Think back to 2001, when Take Off Your Pants and Jacket just hit the shelves. It was sold in four different variants, each one corresponding to one of the album logos (a plane, a pair of slacks, and a jacket) with the fourth having all three on it. Each one had different bonus tracks. I got the one with all three which, surprisingly enough, had none of the bonus, content. So I’m a bitch, I get that. In terms of Blink’s career, this album is extremely significant because it represents a perfect balance between the hard hitting punk rock shenanigans of Enema of the State with the more mature subject matter of the eponymous 2003 release. Enema of the State is an incredible album as well, but sometimes can feel a little gimmicky and they can come off as trying too hard to be funny. I enjoy when bands do this just as much as I enjoy brushing my teeth with steel wool and vinegar while listening to God Speed you Black Emperor. Blink 182 (the album) has some good songs on it, but honestly it’s got the opposite problem of Enema in that it takes itself way to seriously. I can respect what they’re trying to do, I really can. But eh, I consider that album Blink 182’s weak link. Nestled snuggly in the bosom between these two milky teats is Take Off Your Pants and Jacket (Or, Take Off Your Pants and Jack It, as it was referred to when I was 13 and still to this day, because masturbation jokes will be funny until the day I die). As the title of this entry suggests, you can play these songs with chords, and mostly ONLY chords. The structure is simple, but varied, so it’s accessible but not boring. Whoever was on the production team went above and beyond with mixing and mastering because the levels are just MMMMMM right where they need to be. I can sit in my room and listen to any given song quietly with my headphones in, not wake my roommate up, and still hear all of the different parts (vocals, bass, guitar, drums, whatever) clearly. On the flipside, I can blast the same song from the bitchin speakers in my parents’ basement and it will be just as clear. Only much much louder. The vocals are catchy as ever and musically the album is a spiritual successor to Enema; similar stylistic choices were made in writing TOYPAJ but it still reflects a degree of growth. Lyrically, there’s a nice balance between songs about sex and songs about divorce. The best part is that no matter how many times I listen to this album, I still get excited at the breakdowns or during the choruses, even though I know what’s coming next, and to be able to do that after 8 years really speaks to its longevity. The only complaint I really have is the song Happy Holidays, You Bastard. It’s funny, yeah, I guess. I mean, it’s funny like when you’re in 7th grade and you hang out with that one 8th grade kid who’s figured out how to curse and all his has to do is say “balls” and you all laugh, and then you go to high school and look back and think that he probably wasn’t saying balls so often to get the laugh but rather was exploring an aspect of his sexuality that he didn’t quite understand and then in college he calls you and tells you he’s gay and has been thinking about it since 8th grade, to which you can only reply “Oh…..”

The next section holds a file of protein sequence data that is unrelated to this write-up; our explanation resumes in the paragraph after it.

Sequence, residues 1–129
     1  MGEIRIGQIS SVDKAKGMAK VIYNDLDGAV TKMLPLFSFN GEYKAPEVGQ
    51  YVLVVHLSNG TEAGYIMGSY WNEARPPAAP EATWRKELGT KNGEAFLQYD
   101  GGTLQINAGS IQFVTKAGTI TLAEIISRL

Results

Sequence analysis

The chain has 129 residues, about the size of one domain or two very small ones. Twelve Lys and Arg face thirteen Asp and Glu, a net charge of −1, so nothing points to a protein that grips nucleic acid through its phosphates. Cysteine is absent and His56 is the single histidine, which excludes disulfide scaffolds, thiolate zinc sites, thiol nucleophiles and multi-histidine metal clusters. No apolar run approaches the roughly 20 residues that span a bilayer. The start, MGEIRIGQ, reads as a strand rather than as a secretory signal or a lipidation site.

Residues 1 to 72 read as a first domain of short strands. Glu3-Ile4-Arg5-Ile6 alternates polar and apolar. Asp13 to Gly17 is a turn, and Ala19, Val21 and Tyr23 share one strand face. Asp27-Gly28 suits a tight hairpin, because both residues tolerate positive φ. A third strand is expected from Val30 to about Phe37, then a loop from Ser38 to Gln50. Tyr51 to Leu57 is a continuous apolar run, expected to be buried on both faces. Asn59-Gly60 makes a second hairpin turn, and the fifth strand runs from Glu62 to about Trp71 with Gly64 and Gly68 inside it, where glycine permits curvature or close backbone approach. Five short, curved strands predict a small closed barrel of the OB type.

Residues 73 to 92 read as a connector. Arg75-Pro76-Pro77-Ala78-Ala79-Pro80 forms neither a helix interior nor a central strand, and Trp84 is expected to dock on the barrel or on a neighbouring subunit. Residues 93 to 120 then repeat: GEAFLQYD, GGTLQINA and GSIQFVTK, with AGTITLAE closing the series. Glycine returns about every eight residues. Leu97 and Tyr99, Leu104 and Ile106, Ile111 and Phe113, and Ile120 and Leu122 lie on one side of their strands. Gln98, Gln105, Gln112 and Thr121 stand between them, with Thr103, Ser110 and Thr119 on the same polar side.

Congrats Blink 182 on getting back together. But, as with relationships, having them back in all of our lives can either be great or be a big cock in a tiny mouth. Obviously, I’m hoping for the former. Join me next week when I finally deliver the promised review of 3 weeks ago. Until then, keep breathing.

Tuesday, February 10, 2009

Motherfish #4- Good Luck Hank

Motherfish #4- Album of the Week

Cell phones are so terrible. This little son of a bitch sits on my desk and wakes me up when any monkey randomly puts together the string of digits in my phone number. It's 4:06 AM and I'm finally dozing off before my 8 AM class when my phone goes off and I get to spend the next 20 minutes explaining to Hank that I don't know his daughter, nor do I know where she is. Nothing short of a rousing conversation which, luckily, did not wake my roommate up. If you remember last week, I mentioned how I already had a review written, and how I would use it this week. Well SHUT UP OR GTFO because I'm using it next week. Once I stopped listening to Tonight (the Franz Ferdinand album from last week, remember?) this album basically took over my speakers. All of them. Car, basement, computer, everything.